Results Top

Patient presentation

A total of 50 patients were included in the study according to the study protocol. The mean age of the included cohort was 50.8 ± 17.1 years (range 16 years to 89 years). Majority of the patients belonged to the age group of 51–60 years (26%) and 31–40 years (22%) [Figure 2]. Most patients were males (n = 44, 88%).
Figure 2: Segregation of patient cohort according to age group

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Fournier's gangrene contributed to the majority of the cases (64%), followed by lower limb (14%) and gluteal region (8%) [Table 1]. An identifiable cause was found in 72% patients. Infections were leading cause seen in 17 (34%) patients. These included cutaneous, urogenital as well as perianal infections. Trauma (16%) and prior surgery (14%) were other common causes. Body surface area (BSA) involvement was calculated using Lund and Browder burn area chart. Two-third patients (n = 33, 66%) had ≤10% surface area involvement.
Table 1: Characteristics of the study cohort

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Laboratory parameters

Mean hemoglobin level was 10.2 ± 2.5 g/dL with 23 (46%) patients diagnosed with anemia (defined as hemoglobin < 10 g/dL) at presentation. Mean white blood cell (WBC) count was 16,494 ± 8037 cells/mm3. Mean serum total protein and serum albumin levels were 4.9 ± 1.1 g/dL and 2.4 ± 0.8 g/dL, respectively. Acidosis on arterial blood analysis (pH < 7.3) was present in 16 (32%) patients.

Perioperative outcome

A total of 83 debridements were required on 50 study patients during their hospital stay (mean- 1.66). Nutritional supplementation in the form of total parenteral nutrition or intravenous albumin was required in 9 (18%) patients. Reconstructive surgical procedures were required in 17 (34%) patients and included skin grafting in 10 (20%), secondary suturing in 5 (10%), and testicular repositioning and below knee amputation each in 1 (2%) patient [Figure 3]. There was total of 16 in-hospital mortalities (32%).
Figure 3: Case of Fournier's gangrene at presentation (a) and after debridement and secondary suturing (b)

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Comparison between Group-1 (survivors) and Group-2 (nonsurvivors)

The two groups did not differ with respect to mean age and sex distribution [Table 2]. Most of the survivors had involvement of <10% of BSA, while the percentage of BSA involved in most of the nonsurvivors was between 11 and 20 (P = 0.014). Mean percentage BSA involvement was significantly higher in patients who did not survive (P = 0.001). Only 35% patients in Group-1 were anemic at presentation as compared to 69% anemic patients in Group-2 (P = 0.023). Mean hemoglobin level was significantly lower in Group-2 patients (9.0 vs. 10.7, P = 0.023) [Table 3]. There was a significantly higher incidence of metabolic acidosis at presentation in nonsurvivors (62.5%) as compared to survivors (2.9%) (P< 0.0001) with lower mean pH in nonsurvivor group. In addition, serum creatinine was significantly higher while serum albumin and urine output were lower in nonsurvivor group. The two groups did not differ significantly with respect to total WBC count at presentation, random blood glucose, total serum protein levels, SGOT, SGPT, serum alkaline phosphatase, and INR. There was no significant difference between groups with respect to mean time between onset of symptoms and admission, mean time between admission to first debridement, and mean hospital stay (mean time between admission and discharge or death). However, APACHE II score was significantly higher in patients who could not survive the disease (P< 0.001).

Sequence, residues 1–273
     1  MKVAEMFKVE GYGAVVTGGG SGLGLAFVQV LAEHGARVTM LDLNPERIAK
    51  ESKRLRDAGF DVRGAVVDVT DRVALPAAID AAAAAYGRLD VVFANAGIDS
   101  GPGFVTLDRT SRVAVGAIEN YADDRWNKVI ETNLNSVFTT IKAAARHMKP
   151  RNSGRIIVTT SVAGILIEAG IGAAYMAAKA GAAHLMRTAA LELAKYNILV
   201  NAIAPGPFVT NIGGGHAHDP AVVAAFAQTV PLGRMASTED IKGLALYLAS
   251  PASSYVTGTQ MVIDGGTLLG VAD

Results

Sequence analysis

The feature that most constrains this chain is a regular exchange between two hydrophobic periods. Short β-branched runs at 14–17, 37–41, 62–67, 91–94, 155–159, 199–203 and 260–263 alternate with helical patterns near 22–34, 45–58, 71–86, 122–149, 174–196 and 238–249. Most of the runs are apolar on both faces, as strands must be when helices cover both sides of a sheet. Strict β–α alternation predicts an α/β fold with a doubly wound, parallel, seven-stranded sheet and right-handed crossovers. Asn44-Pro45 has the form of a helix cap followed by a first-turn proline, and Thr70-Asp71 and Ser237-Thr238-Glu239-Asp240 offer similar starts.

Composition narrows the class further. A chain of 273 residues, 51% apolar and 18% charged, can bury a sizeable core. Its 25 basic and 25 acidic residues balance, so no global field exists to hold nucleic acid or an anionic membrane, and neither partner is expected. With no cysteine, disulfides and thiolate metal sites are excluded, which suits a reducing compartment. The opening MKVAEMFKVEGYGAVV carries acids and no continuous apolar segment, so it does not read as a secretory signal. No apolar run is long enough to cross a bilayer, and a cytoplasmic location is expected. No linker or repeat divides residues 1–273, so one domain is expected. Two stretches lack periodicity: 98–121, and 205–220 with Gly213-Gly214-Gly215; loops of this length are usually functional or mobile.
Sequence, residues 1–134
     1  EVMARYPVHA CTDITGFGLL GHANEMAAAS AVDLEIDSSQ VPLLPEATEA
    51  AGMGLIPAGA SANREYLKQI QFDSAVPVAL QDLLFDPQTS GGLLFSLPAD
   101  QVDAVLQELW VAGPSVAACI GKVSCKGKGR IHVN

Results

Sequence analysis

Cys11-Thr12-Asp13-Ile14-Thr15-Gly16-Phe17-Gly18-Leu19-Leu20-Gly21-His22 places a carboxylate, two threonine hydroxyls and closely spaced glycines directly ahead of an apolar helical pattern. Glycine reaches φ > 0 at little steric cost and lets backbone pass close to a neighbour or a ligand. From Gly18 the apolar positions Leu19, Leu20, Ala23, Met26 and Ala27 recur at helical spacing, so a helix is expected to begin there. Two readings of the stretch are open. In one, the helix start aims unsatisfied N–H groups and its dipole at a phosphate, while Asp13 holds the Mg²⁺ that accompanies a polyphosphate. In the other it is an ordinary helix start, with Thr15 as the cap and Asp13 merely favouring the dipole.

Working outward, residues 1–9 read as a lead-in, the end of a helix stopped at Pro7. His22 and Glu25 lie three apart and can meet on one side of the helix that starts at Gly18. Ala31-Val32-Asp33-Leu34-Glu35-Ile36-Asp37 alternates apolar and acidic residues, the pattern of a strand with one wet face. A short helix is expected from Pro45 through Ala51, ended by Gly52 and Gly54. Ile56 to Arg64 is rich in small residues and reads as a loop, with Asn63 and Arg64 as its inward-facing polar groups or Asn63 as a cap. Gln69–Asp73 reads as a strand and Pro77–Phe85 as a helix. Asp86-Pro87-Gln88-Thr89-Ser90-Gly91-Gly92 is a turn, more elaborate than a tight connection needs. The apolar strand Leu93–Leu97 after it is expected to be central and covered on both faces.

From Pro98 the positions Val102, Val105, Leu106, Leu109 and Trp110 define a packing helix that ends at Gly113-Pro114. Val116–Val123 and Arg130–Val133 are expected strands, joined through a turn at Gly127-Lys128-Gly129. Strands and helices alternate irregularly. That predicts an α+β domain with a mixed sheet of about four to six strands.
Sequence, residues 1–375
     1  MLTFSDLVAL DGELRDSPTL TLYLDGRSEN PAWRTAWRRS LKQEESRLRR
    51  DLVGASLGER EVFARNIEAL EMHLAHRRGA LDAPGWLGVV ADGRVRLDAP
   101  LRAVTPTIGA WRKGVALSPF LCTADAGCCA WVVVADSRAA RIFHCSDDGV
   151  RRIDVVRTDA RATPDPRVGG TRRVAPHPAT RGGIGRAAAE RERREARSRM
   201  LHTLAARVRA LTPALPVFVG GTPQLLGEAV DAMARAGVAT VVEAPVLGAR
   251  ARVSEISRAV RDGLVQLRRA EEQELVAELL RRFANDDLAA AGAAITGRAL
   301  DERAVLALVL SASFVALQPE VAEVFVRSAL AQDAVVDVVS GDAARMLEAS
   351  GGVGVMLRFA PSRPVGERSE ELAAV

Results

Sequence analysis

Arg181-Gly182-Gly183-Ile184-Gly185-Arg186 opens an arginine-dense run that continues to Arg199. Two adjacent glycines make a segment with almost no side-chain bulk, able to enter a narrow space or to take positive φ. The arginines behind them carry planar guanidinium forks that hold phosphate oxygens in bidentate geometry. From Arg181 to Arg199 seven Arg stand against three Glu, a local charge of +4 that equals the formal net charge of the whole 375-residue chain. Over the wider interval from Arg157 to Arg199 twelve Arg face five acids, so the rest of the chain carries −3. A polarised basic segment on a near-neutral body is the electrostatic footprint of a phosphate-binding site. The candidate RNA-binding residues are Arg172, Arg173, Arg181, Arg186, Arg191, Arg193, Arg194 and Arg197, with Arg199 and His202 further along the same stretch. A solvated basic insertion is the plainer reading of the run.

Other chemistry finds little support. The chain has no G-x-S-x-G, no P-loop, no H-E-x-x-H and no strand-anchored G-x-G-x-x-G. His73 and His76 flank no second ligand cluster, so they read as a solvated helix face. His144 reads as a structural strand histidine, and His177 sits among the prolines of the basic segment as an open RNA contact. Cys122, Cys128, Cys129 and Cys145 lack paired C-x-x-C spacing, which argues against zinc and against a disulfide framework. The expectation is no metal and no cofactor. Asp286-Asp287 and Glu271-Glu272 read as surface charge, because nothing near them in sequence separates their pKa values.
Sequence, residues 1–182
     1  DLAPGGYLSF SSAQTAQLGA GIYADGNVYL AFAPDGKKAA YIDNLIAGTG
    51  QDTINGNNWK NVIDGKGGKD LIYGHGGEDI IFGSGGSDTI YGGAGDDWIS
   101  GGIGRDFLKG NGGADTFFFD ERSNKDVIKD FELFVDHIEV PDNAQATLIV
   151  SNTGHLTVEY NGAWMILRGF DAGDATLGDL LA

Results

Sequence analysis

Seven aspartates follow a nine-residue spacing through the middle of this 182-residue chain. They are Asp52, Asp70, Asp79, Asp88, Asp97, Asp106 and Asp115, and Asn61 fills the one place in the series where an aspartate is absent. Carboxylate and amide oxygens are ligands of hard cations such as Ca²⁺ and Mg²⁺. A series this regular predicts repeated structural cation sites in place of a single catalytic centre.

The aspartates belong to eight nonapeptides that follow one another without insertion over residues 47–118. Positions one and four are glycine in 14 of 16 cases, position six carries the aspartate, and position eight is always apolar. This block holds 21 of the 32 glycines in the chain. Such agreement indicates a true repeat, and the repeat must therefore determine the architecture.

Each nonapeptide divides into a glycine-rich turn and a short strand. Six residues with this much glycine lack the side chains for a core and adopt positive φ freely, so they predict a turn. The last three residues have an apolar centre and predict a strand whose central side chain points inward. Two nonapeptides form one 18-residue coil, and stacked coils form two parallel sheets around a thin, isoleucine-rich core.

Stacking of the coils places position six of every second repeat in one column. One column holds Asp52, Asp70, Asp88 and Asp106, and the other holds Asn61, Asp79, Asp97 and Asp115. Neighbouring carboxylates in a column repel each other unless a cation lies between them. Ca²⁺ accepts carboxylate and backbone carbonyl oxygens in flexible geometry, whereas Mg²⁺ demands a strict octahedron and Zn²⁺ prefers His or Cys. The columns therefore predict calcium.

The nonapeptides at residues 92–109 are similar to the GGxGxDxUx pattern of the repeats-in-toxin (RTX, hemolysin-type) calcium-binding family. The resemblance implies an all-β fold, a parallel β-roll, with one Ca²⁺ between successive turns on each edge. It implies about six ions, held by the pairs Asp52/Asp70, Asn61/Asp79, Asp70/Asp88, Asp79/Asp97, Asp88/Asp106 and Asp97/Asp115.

Table 2: Comparison of demographic and clinical factors between survivors and nonsurvivors

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Table 3: Factors at presentation affecting mortality rate

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   Discussion Top

NSTI s, popularly known as “flesh-eating disease” not only endanger life of the patients but also lead to long-term morbidity and disability. Not only does it impact a patient's life physically but also psychologically and socioeconomically as well. Although comparatively rare in developed countries, its incidence in countries like India is high due to the presence of other diseases such as HIV, diabetes mellitus, and alcoholism providing a fertile ground for this life-threatening infection.

Streptococcus is the most common causative organism.[16] Most cases of NSTI caused by Group A Streptococcus are M protein types 1, 3, 12, or 28 and produce exotoxin A or B. The M protein impedes phagocytosis and along with the exotoxins, acts as super-antigens, which leads to secretion of cytokines and toxic shock-like syndrome. Staphylococcus aureus, Streptococcus pyogenes, and enterococci are the common Gram-positive aerobes known to cause NSTI.  Escherichia More Details coli is the most common Gram-negative enteric organism. Bacteroides species and peptostreptococcus are the most common anaerobes.[4],[5],[6]